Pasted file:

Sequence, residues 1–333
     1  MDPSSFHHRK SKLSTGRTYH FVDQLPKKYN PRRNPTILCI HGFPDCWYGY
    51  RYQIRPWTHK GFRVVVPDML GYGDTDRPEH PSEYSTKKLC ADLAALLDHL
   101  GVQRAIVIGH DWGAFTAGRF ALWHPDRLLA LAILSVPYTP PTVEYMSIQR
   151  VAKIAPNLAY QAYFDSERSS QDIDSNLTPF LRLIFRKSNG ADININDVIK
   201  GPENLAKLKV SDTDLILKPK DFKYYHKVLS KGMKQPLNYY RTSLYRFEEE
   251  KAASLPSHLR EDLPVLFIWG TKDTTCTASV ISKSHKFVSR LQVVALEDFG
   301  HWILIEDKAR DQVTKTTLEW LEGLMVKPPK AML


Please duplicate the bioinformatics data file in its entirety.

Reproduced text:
Sequence, residues 1–333
     1  MDPSSFHHRK SKLSTGRTYH FVDQLPKKYN PRRNPTILCI HGFPDCWYGY
    51  RYQIRPWTHK GFRVVVPDML GYGDTDRPEH PSEYSTKKLC ADLAALLDHL
   101  GVQRAIVIGH DWGAFTAGRF ALWHPDRLLA LAILSVPYTP PTVEYMSIQR
   151  VAKIAPNLAY QAYFDSERSS QDIDSNLTPF LRLIFRKSNG ADININDVIK
   201  GPENLAKLKV SDTDLILKPK DFKYYHKVLS KGMKQPLNYY RTSLYRFEEE
   251  KAASLPSHLR EDLPVLFIWG TKDTTCTASV ISKSHKFVSR LQVVALEDFG
   301  HWILIEDKAR DQVTKTTLEW LEGLMVKPPK AML